Well, there's nothing much to build on the hardware side. All you need is Raspberry Pi Zero W or WH - you need to solder 2x20 male headers if you get W, WH has them already soldered. Pimoroni's Unicorn pHAT comes with unsoldered 2x20 female headers, so there's some soldering to be done. Once you're done with soldering, just put these together, add microSD card (4 GB or more, with Raspbian image - it'll be explained how to do that in next step) and power supply (use the original Raspberry power supply) and you're done.

    Of course, adding a diffuser will help, as those RGB LEDs can be really bright. There's a 3D printable diffuser model included in the project, if you have 3D printer (or your friend does), it's a good idea to print one.

    Anyway, you should end up with something like this:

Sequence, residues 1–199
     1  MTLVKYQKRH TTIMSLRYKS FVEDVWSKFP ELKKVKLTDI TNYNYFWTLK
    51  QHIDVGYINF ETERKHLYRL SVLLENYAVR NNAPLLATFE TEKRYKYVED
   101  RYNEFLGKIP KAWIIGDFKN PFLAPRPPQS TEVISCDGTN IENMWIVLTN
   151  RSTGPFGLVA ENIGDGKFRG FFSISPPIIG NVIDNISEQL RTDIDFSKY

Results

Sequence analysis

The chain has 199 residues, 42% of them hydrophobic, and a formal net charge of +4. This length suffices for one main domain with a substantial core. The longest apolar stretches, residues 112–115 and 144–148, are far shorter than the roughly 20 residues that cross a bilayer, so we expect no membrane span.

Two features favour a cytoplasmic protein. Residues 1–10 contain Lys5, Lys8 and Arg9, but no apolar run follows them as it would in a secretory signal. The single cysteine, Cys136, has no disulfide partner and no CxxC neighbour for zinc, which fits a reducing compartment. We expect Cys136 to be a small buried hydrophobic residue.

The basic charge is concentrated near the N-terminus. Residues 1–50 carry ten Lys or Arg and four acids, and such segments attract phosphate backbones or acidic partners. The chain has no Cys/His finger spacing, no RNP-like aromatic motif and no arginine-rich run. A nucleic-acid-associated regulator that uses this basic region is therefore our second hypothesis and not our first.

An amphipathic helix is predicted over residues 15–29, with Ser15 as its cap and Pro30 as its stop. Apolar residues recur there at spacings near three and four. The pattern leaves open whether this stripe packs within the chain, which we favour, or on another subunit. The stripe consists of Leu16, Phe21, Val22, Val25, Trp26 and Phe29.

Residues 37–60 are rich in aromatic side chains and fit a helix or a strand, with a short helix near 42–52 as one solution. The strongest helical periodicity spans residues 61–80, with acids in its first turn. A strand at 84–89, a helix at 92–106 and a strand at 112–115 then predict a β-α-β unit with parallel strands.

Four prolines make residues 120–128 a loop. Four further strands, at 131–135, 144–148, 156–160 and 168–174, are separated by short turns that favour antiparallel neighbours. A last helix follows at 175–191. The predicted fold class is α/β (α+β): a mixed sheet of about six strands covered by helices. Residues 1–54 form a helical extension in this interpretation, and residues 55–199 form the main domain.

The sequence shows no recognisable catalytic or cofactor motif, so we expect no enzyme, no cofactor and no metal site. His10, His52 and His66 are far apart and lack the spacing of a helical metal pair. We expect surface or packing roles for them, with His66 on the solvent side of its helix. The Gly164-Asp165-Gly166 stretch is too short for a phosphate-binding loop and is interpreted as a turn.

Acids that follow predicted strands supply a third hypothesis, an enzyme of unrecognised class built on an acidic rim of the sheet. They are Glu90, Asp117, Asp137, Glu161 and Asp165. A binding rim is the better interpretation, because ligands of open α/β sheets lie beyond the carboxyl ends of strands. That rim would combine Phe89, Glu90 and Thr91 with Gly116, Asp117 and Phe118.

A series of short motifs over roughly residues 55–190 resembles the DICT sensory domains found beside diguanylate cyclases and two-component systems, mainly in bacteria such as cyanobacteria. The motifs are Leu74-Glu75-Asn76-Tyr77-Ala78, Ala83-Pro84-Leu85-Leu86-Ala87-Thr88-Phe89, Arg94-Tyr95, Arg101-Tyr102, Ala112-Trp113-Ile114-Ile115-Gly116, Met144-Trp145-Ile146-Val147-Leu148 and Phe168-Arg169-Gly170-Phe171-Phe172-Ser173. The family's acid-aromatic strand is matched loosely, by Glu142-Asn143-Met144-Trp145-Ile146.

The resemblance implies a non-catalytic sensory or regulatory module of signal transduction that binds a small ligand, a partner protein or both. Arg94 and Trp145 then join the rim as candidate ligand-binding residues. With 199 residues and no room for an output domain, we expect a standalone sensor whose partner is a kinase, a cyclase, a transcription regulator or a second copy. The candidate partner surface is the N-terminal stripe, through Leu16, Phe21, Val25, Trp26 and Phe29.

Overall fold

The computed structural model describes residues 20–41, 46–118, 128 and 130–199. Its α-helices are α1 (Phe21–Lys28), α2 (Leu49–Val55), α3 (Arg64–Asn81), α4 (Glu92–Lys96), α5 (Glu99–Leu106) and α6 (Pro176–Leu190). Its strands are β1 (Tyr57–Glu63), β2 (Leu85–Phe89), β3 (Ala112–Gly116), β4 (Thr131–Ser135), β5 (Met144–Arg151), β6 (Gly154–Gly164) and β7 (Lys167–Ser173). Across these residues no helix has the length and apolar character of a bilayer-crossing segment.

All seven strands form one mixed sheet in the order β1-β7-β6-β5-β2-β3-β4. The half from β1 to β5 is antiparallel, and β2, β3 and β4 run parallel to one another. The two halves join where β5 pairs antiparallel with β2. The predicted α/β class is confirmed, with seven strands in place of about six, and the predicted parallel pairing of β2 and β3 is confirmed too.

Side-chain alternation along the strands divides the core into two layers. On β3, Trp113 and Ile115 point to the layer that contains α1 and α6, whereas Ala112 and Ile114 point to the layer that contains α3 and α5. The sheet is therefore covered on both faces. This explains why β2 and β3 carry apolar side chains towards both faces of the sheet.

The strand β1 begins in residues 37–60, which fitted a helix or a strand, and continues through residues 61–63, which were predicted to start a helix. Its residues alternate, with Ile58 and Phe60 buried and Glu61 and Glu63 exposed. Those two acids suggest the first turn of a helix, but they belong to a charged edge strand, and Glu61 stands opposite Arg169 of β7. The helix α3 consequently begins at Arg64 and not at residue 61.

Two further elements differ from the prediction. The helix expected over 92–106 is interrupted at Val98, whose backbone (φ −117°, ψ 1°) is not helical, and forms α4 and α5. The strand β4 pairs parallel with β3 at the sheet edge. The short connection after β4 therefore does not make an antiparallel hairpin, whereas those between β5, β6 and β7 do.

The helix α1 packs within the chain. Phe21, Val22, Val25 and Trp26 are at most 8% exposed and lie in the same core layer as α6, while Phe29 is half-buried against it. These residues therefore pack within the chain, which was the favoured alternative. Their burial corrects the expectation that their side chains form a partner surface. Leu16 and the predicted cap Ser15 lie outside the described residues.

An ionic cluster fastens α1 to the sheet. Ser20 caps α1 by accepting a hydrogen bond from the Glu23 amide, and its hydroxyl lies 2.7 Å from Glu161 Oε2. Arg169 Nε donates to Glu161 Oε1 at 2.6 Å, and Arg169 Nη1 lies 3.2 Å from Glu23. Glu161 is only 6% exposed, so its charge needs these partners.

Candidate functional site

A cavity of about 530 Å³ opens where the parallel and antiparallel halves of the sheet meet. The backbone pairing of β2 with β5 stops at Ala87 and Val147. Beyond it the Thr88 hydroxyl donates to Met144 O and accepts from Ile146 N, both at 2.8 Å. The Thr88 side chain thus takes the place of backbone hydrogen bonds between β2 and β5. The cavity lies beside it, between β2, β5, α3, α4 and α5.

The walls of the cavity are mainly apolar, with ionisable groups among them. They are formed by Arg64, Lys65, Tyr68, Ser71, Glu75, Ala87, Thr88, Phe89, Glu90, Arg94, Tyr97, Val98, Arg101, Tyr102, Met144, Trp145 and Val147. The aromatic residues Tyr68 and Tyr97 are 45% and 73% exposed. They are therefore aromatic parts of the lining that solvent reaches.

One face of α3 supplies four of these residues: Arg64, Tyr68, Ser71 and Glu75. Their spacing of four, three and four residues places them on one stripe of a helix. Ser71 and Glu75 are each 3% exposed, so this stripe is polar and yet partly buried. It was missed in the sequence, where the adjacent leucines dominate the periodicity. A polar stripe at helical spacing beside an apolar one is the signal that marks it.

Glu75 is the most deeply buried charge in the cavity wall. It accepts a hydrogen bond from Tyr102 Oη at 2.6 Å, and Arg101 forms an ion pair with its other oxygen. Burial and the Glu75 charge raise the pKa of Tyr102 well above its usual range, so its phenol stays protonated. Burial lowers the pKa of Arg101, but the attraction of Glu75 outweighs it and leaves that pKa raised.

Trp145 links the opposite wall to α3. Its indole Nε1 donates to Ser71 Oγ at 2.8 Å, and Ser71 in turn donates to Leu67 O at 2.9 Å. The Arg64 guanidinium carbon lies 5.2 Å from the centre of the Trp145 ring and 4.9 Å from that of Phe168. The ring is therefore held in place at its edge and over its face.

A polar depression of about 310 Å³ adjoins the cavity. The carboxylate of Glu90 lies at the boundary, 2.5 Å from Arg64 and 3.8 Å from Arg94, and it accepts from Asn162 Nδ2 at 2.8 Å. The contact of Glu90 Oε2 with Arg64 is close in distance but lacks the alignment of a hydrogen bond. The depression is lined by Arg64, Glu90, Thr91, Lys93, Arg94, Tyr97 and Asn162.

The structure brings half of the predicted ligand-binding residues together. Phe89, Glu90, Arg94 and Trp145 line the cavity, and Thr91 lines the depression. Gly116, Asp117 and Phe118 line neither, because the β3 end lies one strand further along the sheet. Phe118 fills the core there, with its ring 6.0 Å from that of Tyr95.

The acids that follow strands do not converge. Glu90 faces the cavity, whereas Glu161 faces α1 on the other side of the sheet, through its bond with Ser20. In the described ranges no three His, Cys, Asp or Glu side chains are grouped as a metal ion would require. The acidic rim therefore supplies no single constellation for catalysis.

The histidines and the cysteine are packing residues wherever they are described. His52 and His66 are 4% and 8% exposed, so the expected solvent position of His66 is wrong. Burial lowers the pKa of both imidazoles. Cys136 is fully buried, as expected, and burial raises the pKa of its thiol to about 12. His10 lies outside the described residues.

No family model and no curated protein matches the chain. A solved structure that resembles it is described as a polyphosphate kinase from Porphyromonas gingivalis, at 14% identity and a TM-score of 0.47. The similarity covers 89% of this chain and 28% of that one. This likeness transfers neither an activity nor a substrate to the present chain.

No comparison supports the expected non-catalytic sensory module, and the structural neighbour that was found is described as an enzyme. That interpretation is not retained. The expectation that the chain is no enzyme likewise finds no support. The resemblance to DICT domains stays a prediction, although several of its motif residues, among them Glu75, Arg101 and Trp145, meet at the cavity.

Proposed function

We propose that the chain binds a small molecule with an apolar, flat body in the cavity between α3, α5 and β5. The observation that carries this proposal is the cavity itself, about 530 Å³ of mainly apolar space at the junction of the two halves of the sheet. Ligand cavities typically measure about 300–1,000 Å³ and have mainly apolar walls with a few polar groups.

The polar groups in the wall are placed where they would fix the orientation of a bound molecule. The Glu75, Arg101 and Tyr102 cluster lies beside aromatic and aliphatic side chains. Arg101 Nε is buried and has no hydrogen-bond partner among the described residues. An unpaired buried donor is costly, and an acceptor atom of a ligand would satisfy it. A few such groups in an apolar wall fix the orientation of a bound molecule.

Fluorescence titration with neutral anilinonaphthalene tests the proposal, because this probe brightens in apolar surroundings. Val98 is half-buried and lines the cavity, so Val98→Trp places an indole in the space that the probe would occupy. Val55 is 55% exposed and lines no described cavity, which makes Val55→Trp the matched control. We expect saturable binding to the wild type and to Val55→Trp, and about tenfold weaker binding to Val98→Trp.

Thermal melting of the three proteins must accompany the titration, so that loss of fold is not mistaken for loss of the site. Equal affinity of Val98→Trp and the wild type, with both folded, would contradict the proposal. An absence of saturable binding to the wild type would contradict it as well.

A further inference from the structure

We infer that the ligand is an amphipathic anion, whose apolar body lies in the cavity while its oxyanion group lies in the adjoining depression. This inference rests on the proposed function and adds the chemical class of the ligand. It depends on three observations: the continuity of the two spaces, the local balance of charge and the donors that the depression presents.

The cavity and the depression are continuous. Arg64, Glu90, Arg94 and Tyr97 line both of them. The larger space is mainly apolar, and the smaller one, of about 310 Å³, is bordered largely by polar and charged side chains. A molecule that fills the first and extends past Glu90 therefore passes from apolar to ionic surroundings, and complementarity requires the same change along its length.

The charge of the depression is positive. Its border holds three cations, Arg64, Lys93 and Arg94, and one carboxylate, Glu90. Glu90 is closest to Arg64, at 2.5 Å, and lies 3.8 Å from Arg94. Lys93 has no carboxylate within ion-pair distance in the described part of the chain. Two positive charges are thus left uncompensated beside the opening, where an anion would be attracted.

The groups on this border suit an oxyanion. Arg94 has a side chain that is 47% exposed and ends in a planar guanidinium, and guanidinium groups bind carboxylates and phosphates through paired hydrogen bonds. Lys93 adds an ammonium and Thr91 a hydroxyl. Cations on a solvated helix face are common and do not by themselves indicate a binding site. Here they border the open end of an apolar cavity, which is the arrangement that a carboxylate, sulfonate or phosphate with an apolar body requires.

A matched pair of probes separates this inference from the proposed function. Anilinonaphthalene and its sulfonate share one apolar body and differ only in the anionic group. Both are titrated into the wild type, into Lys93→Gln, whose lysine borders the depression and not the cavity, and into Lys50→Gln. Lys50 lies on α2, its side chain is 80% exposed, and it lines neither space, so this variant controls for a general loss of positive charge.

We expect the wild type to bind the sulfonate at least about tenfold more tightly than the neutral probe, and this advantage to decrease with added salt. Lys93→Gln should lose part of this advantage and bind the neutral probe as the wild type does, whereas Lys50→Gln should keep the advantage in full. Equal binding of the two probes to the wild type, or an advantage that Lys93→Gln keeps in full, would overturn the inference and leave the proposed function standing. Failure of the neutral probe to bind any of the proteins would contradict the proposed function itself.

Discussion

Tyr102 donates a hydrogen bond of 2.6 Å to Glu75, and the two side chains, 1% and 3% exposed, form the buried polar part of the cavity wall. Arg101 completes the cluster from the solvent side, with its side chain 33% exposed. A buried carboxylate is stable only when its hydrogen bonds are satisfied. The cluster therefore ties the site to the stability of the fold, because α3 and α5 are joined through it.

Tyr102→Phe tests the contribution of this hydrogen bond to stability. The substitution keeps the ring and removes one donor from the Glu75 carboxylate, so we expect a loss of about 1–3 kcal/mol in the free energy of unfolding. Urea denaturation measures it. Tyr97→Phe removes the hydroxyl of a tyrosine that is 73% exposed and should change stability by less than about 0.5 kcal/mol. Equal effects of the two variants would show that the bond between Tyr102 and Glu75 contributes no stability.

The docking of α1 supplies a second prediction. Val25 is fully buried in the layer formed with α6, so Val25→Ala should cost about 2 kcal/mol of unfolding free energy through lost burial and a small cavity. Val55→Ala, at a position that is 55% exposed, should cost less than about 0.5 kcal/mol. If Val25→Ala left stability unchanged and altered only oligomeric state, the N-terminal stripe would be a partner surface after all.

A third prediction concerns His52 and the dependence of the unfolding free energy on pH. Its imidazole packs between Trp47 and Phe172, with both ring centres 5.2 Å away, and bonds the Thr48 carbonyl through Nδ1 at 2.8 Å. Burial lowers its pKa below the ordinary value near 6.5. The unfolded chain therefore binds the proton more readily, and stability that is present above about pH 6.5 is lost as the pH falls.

• 2
    Raspbian installation

    Never installed Linux before? No biggie, we're here to lend you a helping hand :-)

    First thing you have to do is to download one: go to Raspbian download page and choose the Lite version. This one is not easier, it's just lighter as it comes without the GUI. Your basic installation comes to writing the image file to micro SD card (this is where microSD to SD card adapter might come handy), and  the instructions for this step are here.

    Once you've done that there is something else to do, so don't pull that microSD card out of your PC just yet. As this is so called 'headless' instalation, you'll want to avoid connecting monitor and keyboard to Pi altogether. So, let's do that! If you open your file explorer, you'll notice there is a new drive called 'boot'. We need to add two files to this drive to make remote acces to RPi Zero possible. First, the easy one: just right click anywhere on folder and choose New -> Text Document. Name is simply ssh (that's it, no extension, no content) - that's an empty file telling your Zero to allow ssh access.